Another fantasy set in the seething, eye-popping elfpunk world of The Iron Dragon’s Daughter (1994).
During a relentless and seemingly endless war, a huge, badly damaged and utterly malignant battle dragon crafted of science, alchemy, engineering and magic crashes near the village where orphan Will lives. The dragon declares himself king and, crawling into Will’s brain, forces the boy to become his lieutenant. Thereafter the villagers must do the dragon’s bidding—including ordering Will to crucify his childhood best friend, a would-be rebel. Eventually, Will learns Baalthazar’s real name and slays the brute, though the dragon remains a slumbering presence in his head. Will flees, and acquires a companion, Esme, a girlish creature who has sold her past and future memories in exchange for perpetual youth. After various adventures involving female centaur-soldiers, a refugee camp, a train journey across Fäerie and the local Gestapo, Will falls in with cheerful conman Nat Whilk. Together they arrive at Babel, a huge city that bears more than a passing resemblance to New York City, where Will disappears underground and falls in with a gang—until he discovers that the other gang members are merely figments of a crazy old elf’s imagination. Emerging from the dark, he meets and falls in love with Alcyone, a high-elven of royal blood; meanwhile, Nat hatches his greatest con, claiming that Will is the long-lost king of Fäerie.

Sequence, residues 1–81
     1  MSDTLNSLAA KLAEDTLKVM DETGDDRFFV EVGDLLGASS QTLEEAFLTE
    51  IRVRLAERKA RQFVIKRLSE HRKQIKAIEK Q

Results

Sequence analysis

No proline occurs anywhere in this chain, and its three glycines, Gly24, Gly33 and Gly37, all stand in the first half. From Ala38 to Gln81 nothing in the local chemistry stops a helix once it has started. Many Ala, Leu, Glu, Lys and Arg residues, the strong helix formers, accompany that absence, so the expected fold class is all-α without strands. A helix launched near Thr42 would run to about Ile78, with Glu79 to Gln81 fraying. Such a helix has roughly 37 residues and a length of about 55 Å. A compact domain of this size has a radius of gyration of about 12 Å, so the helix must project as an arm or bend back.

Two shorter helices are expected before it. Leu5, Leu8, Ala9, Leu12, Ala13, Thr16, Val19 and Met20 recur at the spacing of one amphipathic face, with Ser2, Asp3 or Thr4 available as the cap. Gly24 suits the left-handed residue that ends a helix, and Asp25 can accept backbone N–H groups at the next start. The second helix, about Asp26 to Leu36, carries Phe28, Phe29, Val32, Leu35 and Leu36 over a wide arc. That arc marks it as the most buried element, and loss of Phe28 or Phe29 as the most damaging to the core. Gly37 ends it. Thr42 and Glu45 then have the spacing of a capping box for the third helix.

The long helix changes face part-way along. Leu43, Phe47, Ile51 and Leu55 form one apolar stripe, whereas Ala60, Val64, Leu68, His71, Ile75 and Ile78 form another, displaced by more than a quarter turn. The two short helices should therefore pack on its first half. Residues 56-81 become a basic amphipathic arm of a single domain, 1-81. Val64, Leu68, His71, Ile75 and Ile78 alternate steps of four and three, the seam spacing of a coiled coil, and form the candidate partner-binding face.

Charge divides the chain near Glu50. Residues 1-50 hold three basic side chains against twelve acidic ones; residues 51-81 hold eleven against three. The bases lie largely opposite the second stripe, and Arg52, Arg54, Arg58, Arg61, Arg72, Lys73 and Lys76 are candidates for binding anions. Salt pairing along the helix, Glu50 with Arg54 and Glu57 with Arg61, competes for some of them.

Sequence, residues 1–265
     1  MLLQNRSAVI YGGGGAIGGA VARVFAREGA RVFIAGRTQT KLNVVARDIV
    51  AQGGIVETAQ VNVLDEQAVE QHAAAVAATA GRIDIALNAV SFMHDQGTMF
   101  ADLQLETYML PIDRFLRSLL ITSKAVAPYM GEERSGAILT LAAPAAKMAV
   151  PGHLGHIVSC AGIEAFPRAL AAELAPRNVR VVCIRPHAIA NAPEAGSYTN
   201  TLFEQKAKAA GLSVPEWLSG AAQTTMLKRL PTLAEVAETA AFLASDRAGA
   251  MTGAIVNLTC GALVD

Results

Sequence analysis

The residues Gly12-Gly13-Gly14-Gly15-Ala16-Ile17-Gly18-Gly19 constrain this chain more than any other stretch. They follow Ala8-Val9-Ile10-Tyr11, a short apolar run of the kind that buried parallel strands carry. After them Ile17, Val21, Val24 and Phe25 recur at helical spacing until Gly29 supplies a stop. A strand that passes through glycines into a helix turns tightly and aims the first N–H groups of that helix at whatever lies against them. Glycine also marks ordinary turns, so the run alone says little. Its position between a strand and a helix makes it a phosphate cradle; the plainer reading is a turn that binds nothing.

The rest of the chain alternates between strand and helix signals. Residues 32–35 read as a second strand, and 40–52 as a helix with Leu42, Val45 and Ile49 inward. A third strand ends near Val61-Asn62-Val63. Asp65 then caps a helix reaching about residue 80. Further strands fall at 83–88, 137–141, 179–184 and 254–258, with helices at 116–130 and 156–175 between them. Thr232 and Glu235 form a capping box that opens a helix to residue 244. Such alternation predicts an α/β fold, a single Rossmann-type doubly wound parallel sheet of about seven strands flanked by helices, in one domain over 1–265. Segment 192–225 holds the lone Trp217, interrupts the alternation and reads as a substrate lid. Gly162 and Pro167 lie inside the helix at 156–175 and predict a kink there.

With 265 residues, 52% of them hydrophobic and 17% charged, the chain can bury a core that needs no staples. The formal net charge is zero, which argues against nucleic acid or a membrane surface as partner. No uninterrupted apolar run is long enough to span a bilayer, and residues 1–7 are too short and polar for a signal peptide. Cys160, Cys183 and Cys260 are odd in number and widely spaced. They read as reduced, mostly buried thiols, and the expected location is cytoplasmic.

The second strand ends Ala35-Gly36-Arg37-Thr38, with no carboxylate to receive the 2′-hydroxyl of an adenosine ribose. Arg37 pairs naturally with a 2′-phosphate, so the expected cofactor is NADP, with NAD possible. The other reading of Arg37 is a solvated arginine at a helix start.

Offering the message that humans, elves, dwarves, ghosts, demons, dinosaurs, basilisks, etc. are merely trying to get along and make a living, the book is impressive and often spectacular, but less than fully engaging.